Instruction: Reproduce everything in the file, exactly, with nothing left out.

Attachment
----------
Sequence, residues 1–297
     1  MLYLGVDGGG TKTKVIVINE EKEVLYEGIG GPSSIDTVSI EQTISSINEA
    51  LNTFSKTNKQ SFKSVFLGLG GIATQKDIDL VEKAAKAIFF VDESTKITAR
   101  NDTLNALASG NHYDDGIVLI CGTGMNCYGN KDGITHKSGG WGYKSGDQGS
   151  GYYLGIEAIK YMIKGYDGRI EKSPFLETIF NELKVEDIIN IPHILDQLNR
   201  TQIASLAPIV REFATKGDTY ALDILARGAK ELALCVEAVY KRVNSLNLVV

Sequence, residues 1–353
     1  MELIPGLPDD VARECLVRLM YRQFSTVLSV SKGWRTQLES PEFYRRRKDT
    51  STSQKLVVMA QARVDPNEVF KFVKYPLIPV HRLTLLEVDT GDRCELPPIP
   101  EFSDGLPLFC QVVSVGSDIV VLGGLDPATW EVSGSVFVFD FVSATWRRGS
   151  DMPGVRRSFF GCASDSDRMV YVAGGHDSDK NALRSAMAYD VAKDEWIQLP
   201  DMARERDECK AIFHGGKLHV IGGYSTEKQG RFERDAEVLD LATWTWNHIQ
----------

Sequence, residues 1–297
     1  MLYLGVDGGG TKTKVIVINE EKEVLYEGIG GPSSIDTVSI EQTISSINEA
    51  LNTFSKTNKQ SFKSVFLGLG GIATQKDIDL VEKAAKAIFF VDESTKITAR
   101  NDTLNALASG NHYDDGIVLI CGTGMNCYGN KDGITHKSGG WGYKSGDQGS
   151  GYYLGIEAIK YMIKGYDGRI EKSPFLETIF NELKVEDIIN IPHILDQLNR
   201  TQIASLAPIV REFATKGDTY ALDILARGAK ELALCVEAVY KRVNSLNLVV

Sequence, residues 1–353
     1  MELIPGLPDD VARECLVRLM YRQFSTVLSV SKGWRTQLES PEFYRRRKDT
    51  STSQKLVVMA QARVDPNEVF KFVKYPLIPV HRLTLLEVDT GDRCELPPIP
   101  EFSDGLPLFC QVVSVGSDIV VLGGLDPATW EVSGSVFVFD FVSATWRRGS
   151  DMPGVRRSFF GCASDSDRMV YVAGGHDSDK NALRSAMAYD VAKDEWIQLP
   201  DMARERDECK AIFHGGKLHV IGGYSTEKQG RFERDAEVLD LATWTWNHIQ